Florentine Friend, The

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Richard Brome (1638)


Contents

Historical Records

The Burn transcript of Herbert's Office-Book

Herbert's Office-book is lost, and survives only in various partial transcripts. In 1996, N. W. Bawcutt published new records deriving from a hitherto overlooked transcript, made by the nineteenth-century scholar Jacob Henry Burn, of some of the material in it. These records include:

Broome, Florentine Frend, allowed 1638 Queen's Company.
Love Sick Courtier, alld for Salisbury Court, 1638

(Cited from Bawcutt, Control and Censorship, 202)


Marriott's list

Marriott's list (1653) is transcribed and discussed here. The third item on it is:

The fflorentine freind

Theatrical Provenance

Queen Henrietta's Men


Probable Genre(s)

Unknown


Possible Narrative and Dramatic Sources or Analogues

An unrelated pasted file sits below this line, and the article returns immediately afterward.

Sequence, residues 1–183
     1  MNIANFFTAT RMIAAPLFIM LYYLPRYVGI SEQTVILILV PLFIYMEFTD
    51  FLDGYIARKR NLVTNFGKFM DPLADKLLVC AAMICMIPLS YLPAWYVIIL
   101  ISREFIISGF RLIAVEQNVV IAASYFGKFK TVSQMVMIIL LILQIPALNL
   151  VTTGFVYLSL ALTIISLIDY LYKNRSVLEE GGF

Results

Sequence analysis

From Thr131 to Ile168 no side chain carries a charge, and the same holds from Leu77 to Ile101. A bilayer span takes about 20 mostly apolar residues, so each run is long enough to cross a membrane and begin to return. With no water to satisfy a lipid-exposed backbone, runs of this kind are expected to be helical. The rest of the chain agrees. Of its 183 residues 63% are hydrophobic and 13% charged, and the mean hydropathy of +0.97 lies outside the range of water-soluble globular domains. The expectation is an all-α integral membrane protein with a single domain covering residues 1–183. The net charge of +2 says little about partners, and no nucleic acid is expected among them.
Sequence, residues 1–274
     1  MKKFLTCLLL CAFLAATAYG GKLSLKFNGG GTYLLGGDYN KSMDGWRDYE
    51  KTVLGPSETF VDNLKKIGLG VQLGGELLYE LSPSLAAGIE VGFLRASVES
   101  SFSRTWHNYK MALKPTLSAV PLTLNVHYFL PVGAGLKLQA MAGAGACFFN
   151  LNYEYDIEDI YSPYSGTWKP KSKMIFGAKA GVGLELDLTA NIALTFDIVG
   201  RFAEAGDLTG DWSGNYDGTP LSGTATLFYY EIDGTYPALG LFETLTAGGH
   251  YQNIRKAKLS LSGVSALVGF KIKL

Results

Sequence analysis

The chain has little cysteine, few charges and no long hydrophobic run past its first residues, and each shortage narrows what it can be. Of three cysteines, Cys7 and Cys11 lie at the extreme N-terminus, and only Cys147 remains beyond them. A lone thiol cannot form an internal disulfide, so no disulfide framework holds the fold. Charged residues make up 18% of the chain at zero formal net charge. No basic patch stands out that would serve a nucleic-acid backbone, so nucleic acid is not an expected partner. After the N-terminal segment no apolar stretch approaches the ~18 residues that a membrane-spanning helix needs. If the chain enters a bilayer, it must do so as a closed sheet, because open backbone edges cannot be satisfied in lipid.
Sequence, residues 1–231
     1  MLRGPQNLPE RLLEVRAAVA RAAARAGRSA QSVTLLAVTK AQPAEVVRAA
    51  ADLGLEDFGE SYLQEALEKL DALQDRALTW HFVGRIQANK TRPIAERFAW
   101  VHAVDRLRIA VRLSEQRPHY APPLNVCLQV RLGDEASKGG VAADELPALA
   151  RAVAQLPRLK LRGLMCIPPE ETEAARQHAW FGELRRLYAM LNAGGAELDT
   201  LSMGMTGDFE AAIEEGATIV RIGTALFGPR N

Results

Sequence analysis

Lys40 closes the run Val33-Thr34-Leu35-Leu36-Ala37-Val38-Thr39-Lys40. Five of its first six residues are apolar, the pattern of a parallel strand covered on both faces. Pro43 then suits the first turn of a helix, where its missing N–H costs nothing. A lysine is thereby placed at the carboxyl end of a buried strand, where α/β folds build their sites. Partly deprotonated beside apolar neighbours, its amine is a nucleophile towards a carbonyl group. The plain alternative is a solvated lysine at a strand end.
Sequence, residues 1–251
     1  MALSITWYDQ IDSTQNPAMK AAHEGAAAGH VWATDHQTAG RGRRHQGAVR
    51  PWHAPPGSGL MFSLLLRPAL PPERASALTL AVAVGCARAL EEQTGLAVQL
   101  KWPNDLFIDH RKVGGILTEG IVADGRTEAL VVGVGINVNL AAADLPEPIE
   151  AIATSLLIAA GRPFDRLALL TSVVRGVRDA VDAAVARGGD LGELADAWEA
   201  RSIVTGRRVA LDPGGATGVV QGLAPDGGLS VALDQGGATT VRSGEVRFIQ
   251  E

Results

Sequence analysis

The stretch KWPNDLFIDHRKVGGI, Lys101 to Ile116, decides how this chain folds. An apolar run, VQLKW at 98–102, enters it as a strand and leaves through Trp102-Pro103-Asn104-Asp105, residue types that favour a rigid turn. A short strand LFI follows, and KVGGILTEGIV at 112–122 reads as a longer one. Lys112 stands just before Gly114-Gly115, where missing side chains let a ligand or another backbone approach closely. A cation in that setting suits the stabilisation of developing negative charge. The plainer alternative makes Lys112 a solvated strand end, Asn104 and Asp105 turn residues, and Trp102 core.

None known


References to the Play

See below


Critical Commentary

Until the rediscovery of the Burn transcript in 1996, what was known of this play was too slight to admit of much commentary. Bentley suggested, only to reject, the possibility that the play might be linked to the lost play The Florentine Ladies referred to by Thomas Jordan. Bawcutt, publishing the Burn transcript record for the first time, observes that it clearly attributes the play to Richard Brome. This identification is strengthened by the fact that the next play listed in the transcript seems to be another Brome play (an error for The Love-Sick Court), and it is corroborated by the company details given in each case. In 1638, Brome was a retained professional dramatist for Queen Henrietta's Men, who were performing at Salisbury Court. Steggle (136-7) puts the play in the context of the other plays written for them in this period. He also observes that Jordan and Brome were colleagues in the company at this date, which might marginally strengthen the feeble case for an identification between The Florentine Friend and The Florentine Ladies.


For What It's Worth

The Florentine Ladies is discussed here.


Works Cited

Steggle, Matthew. Richard Brome: Place and Politics on the Caroline Stage. Manchester: Manchester UP, 2004.


Site created and maintained by Matthew Steggle, Sheffield Hallam University; updated 25 September 2010.

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